Heather Timmons, Quartz
China’s corrupt officials and crooked businessmen have smuggled billions of dollars overseas, much of which has ended up in real estate in the United States, Canada, Australia and the United Kingdom—particularly in high-end neighborhoods in London, New York, Los Angeles, Sydney and Toronto. Now the Chinese government is embarking on a worldwide hunt to seize the properties with help from foreign governments, according to asset recovery and anti-corruption specialists.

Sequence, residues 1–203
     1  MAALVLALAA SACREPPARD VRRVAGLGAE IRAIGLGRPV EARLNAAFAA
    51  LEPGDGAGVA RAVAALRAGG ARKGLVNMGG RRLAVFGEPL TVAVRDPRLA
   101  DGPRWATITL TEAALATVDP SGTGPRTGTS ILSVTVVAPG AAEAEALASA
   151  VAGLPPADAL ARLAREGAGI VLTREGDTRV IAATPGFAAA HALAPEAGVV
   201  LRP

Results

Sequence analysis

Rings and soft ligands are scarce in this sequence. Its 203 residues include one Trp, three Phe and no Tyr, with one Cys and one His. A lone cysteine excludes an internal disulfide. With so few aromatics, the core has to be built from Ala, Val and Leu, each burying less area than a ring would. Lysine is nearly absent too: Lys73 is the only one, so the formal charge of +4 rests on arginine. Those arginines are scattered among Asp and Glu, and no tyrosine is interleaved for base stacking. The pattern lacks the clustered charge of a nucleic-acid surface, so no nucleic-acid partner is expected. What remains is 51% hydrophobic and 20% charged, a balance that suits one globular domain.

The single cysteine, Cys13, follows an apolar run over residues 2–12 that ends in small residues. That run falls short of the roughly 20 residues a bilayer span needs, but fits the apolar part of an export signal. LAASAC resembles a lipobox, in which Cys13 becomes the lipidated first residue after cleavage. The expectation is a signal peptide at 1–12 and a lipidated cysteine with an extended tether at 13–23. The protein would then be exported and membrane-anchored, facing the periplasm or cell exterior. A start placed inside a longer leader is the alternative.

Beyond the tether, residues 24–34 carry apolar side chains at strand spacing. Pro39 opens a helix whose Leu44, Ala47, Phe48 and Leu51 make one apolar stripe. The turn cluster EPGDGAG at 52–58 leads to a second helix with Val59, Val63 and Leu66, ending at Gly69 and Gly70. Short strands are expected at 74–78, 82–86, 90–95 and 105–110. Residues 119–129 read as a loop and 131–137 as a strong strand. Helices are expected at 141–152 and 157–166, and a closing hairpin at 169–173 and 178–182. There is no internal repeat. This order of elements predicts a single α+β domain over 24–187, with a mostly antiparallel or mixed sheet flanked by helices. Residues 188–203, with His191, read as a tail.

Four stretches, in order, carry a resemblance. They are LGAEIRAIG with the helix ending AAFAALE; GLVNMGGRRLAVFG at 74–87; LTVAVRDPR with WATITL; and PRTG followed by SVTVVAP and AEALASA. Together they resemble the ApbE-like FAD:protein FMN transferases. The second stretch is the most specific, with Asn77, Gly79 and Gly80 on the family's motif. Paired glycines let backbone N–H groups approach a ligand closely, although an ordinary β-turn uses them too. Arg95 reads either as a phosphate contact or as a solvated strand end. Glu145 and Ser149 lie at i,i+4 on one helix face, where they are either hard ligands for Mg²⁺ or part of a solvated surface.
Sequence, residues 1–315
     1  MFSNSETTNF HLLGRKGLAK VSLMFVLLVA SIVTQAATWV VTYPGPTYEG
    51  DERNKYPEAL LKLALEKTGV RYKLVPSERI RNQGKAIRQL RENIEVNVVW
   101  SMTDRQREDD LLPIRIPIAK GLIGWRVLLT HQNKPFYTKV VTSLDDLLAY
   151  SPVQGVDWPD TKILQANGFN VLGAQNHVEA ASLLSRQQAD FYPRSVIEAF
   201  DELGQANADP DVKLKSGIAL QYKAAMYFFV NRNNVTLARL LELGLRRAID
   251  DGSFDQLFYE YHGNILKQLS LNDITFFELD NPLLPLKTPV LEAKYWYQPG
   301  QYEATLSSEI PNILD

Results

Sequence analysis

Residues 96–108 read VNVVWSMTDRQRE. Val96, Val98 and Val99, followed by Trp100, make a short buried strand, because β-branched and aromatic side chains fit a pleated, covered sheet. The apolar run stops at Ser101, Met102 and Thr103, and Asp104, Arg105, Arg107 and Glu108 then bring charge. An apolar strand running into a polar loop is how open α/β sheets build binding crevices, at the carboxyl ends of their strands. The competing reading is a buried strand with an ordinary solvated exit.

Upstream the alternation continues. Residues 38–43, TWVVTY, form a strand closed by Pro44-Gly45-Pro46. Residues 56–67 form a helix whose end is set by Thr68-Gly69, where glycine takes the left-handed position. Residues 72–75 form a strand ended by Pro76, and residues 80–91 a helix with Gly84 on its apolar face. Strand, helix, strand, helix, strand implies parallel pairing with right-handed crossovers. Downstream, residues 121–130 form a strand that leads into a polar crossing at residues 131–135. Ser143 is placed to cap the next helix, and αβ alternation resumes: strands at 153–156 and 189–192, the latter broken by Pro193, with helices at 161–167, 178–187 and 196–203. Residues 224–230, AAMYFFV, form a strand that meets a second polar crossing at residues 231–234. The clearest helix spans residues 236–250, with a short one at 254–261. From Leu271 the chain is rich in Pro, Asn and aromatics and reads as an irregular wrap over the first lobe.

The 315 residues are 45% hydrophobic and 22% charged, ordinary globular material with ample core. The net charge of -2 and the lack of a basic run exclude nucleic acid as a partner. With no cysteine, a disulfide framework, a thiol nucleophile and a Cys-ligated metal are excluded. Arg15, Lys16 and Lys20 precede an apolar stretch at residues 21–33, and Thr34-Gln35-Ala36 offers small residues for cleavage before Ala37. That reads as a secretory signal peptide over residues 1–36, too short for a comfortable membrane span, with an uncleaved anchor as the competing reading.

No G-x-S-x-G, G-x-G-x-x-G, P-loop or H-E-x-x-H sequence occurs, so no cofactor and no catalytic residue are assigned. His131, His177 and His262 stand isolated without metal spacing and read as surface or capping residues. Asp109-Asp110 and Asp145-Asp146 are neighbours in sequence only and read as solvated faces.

Since Wang Qishan, the Communist Party chief tapped to head China’s new anti-corruption drive, took office last fall, he has been pushing to crack down on capital flight from the country. In recent months, Chinese officials have quietly said they are specifically targeting foreign assets, and sought help from organizations like the OECD, anti-corruption groups and the foreign government agencies including the US Commerce Department about their newly aggressive pursuit of overseas real estate.